Wałęsa was in Berlin on the night the wall was torn down, as was Gorbachev and Germany’s current chancellor, Angela Merkel, who will also take part in today’s celebrations. Before leaving for Berlin, Wałęsa said, ”The first victory was at the Gdańsk shipyard, and then all those victories that followed stemmed from that one triumph. The first wall was torn down in Gdansk, whereas the collapse of the Berlin Wall was one of the final victories.”
From the Polish perspective, that is indeed how the fall of communism is seen. According to a recent survey authorised by the European Commission, 68 percent of Poles believe that the Solidarity movement in Poland impacted the fall of the Berlin Wall, not vice versa. 51 percent think that Solidarity was the most symbolic change in the region, while 29 percent think that it was the Round Table negotiations and the elections of 4 June 1989. Only 13 percent mentioned the fall of the Berlin Wall as the most symbolic event of 1989.
Most Poles consider the fall of the wall to be an important event primarily for Germany. 70 percent of Poles think the fall of the wall was an important event for Germany, while 56 percent think it was important for Europe, and only 38 percent think that it was important for Poland.
However, Poles recognize the symbolic meaning of the fall of the wall. 79 percent of those surveyed think the event contributed to the unifying of Europe, while 69 percent think it meant the end of the Cold War and the division of Europe into two ideological camps. But, many Poles also believe that the fall of the wall did not have a real impact on events in the region. 73 percent believe that the significance of the fall of the Berlin Wall was more symbolic than realistic. 47 percent think that the changes and unification of Europe would have happened without the event.
One thing is for sure. After 20 years most Poles are satisfied with the changes that 1989 brought about. According to a study by the Institute of Public Affairs, 59 percent of Poles are happy with their situation today after the changes of 1989. Poles rank among the most satisfied in the former Soviet bloc, with only the Czechs expressing more happiness, at 68 percent. Slovakians also ranked high with 53 percent, while only 28 percent of Hungarians are happy with the changes today. Feeling the pain of the financial crisis and fed up with political instability, the citizens of many other countries in the region are disillusioned by capitalism and democracy.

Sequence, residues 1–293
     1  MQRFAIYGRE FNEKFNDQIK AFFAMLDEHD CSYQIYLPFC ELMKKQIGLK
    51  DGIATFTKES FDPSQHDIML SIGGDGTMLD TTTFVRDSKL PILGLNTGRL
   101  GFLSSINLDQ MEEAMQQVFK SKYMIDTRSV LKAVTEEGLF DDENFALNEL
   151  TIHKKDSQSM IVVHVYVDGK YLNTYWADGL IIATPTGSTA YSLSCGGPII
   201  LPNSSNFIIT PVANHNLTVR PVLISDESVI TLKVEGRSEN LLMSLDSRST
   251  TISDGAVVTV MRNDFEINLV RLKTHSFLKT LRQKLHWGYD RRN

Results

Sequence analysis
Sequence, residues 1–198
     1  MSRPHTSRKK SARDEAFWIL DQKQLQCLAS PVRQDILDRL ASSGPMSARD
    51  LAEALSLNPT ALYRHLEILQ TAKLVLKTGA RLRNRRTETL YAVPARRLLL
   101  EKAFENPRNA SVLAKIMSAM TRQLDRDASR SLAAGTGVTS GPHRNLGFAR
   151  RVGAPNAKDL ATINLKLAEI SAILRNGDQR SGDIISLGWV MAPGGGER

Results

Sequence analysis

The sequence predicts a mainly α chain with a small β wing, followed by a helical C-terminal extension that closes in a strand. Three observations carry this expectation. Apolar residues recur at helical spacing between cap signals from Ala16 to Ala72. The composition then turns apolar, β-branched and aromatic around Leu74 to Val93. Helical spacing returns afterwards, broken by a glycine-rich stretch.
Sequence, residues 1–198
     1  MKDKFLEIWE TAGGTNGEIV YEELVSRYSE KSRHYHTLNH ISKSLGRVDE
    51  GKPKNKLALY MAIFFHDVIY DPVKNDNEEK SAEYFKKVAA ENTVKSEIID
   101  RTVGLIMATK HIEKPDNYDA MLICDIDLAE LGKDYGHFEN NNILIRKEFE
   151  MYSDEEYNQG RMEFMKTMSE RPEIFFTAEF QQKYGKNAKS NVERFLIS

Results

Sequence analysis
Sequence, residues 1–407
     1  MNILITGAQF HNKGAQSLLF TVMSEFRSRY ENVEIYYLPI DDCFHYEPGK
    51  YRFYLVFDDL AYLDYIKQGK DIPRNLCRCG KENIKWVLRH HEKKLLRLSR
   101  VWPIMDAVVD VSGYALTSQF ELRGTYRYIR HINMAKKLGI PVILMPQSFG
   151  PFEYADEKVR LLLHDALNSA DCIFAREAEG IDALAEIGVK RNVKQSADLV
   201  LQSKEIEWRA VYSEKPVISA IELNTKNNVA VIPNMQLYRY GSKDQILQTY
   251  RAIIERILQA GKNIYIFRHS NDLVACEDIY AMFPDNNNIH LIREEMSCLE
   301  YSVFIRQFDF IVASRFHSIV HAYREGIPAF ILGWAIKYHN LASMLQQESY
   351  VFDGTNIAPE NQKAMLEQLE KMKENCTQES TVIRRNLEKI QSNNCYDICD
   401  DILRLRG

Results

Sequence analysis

So, despite the Polish characteristic of constantly complaining about their politicians, and seeming to have virtually no trust towards them, Poles have reasons to be happy. Recently, the European Commission announced that Poland’s per capita GDP in 2009 will be 14,100 euro, and it will soon surpass Estonia and Hungary in that respect. But, what is perhaps more surprising, is how quickly Poland is catching up to its western neighbours. Piotr Bujak, an economist at BZ WBK, told Rzeczpospolita that in 2009 Poles will be 52 percent as wealthy as Germans and 44 percent as wealthy as the Irish. Poland’s economy is still expanding in the midst of the financial crisis, while Germany and Ireland are in recession. At this pace, Poles could reach economic equality with Germany in 20 years, and with Ireland in only 14 years.
The free market reforms that were put into effect in Poland after 1989, although initially painful, are paying off. Maja Goettig, chief economist at BPH Bank, told Polish Radio that Poland’s GDP increased by 75 percent over the past 20 years.
Poles appear to believe that Solidarity was more important than the fall of the Berlin Wall. That is not surprising. But, today surely marks a day that all Europeans, Poles included, can be happy about: the day that the metaphorical and real wall between East and West was knocked down.